The names of officers involved in shootings are public information subject to disclosure by law, a California appellate court ruled Tuesday, marking the latest legal opinion in a public records court battle that has embroiled law enforcement and the media.
The 2nd District Court of Appeal rejected arguments from the city of Long Beach and its police union that officers' names were protected as investigative and personnel records and because of officers' privacy rights.
The decision upheld a Superior Court judge's order that the city would have to release the names in response to a public records request from The Times.
The Times had asked the city for the identities of all Long Beach police officers involved in shootings over a five-year period after a December 2010 shooting of an unarmed man holding a garden hose nozzle. Attorneys for the newspaper have argued that disclosure was a matter of vital public interest to hold police accountable and have criticized unions for delaying the release through litigation.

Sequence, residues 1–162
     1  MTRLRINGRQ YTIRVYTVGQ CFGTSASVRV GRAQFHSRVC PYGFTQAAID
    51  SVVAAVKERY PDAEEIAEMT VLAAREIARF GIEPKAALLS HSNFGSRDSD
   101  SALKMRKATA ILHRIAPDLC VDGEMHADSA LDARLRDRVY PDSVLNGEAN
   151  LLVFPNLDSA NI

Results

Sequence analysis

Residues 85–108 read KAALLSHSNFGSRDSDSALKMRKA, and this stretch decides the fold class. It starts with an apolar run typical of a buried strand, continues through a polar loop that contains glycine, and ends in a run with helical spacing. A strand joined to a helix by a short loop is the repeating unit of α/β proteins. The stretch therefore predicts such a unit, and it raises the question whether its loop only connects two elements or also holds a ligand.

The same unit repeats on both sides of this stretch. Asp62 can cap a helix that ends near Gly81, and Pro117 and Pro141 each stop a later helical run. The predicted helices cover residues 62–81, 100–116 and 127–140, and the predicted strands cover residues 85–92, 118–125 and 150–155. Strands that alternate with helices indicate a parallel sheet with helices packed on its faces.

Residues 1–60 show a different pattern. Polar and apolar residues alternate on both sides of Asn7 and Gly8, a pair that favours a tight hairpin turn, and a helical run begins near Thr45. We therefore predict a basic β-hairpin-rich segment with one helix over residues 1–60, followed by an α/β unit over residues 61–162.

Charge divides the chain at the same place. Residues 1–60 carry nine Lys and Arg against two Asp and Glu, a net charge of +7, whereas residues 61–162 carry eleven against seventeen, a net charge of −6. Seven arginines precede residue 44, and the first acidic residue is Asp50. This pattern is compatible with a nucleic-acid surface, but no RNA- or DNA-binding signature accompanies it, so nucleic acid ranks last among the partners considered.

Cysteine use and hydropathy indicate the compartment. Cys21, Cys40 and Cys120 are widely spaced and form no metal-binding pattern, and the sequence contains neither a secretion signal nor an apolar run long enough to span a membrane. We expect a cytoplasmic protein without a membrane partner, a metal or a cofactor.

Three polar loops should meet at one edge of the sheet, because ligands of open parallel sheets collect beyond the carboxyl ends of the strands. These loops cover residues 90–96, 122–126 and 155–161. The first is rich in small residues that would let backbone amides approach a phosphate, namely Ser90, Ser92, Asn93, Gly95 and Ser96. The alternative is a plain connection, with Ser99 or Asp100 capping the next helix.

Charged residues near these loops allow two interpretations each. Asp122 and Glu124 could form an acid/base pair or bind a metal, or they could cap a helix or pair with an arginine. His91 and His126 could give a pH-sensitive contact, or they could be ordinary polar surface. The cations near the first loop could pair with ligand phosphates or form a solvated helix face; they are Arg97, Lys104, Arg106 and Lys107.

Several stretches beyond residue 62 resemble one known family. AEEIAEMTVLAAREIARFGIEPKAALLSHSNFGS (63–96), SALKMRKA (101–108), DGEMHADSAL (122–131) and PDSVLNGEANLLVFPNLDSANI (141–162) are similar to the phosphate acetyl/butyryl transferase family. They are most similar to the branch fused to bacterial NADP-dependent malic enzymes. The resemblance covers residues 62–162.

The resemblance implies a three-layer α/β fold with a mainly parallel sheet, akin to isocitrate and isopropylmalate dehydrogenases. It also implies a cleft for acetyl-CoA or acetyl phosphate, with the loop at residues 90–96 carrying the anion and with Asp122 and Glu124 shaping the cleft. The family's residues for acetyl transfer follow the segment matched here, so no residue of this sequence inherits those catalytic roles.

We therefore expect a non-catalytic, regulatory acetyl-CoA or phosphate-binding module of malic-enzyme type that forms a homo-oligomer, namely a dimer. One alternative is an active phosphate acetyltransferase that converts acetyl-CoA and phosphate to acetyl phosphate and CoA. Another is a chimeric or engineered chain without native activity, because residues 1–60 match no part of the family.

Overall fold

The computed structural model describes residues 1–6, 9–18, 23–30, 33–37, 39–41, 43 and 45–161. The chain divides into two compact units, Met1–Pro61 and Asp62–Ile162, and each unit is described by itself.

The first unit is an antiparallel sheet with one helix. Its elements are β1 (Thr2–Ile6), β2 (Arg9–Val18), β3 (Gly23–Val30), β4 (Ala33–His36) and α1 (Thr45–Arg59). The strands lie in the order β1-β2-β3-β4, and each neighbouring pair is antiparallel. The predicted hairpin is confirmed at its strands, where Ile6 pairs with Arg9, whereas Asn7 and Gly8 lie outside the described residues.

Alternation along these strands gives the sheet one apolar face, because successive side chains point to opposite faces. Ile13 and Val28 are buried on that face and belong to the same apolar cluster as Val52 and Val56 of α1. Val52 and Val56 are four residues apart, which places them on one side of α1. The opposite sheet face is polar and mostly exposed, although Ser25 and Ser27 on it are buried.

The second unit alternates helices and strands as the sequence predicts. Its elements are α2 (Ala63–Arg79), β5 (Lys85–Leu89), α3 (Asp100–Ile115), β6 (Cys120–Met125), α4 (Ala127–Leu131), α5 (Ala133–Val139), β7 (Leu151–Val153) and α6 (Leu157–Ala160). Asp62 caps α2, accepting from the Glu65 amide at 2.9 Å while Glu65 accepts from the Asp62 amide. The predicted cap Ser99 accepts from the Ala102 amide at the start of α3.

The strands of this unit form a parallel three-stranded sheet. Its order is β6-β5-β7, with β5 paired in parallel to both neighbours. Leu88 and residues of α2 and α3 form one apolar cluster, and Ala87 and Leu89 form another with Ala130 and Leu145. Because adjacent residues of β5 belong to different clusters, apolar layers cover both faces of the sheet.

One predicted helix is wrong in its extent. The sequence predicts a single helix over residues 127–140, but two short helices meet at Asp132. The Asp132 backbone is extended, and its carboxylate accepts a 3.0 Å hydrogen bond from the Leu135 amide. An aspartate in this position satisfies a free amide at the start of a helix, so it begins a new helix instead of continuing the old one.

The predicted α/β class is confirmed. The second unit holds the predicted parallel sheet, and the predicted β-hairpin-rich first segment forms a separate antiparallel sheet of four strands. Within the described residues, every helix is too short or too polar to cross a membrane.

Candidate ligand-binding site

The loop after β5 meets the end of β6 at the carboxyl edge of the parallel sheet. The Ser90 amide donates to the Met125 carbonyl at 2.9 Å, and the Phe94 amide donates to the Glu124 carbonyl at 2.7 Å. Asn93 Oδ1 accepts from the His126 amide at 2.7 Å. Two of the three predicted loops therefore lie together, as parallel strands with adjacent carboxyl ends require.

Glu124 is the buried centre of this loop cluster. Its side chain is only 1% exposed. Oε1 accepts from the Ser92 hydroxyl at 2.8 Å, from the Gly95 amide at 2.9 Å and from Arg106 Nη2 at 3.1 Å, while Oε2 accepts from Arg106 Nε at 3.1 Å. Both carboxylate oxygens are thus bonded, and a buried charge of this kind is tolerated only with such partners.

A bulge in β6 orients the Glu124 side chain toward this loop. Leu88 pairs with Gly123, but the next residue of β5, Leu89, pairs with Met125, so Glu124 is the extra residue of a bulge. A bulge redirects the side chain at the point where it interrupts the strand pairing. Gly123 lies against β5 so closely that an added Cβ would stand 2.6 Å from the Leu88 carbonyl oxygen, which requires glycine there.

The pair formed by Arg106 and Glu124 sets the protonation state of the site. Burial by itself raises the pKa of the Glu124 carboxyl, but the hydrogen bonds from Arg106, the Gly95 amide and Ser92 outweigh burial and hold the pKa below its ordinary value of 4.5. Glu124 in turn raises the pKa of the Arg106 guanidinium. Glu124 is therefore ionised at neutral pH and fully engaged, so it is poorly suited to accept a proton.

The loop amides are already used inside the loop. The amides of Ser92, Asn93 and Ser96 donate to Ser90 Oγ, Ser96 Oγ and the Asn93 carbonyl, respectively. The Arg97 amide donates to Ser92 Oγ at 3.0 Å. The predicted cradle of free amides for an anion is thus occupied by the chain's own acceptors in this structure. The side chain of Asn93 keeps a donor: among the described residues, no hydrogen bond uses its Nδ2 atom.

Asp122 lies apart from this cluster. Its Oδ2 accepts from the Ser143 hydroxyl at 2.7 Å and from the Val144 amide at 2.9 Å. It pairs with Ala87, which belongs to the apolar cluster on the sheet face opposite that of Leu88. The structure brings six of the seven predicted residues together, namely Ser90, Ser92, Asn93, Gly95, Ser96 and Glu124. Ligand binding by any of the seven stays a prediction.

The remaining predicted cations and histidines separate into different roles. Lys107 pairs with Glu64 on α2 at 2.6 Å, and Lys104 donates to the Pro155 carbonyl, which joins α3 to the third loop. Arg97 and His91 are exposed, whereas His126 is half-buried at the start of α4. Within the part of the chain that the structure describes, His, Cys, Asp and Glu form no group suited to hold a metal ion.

The unanimous opinion from the three-justice panel was written by Justice Kathryn Doi-Todd, who asked an attorney representing Long Beach during oral arguments if the city's reading of state law was "expanding the concept of personnel records."
In Tuesday's opinion, the justices found that officers' names were not covered by exceptions built into the California Public Records Act, and that disclosure would not be an invasion of privacy because "an officer's privacy interest in maintaining the confidentiality of his or her name does not outweigh the public's interest in disclosure."
The court also wrote that the union and the city failed to offer any evidence of specific threats to officers' safety that would result from disclosure beyond "generalized safety concerns."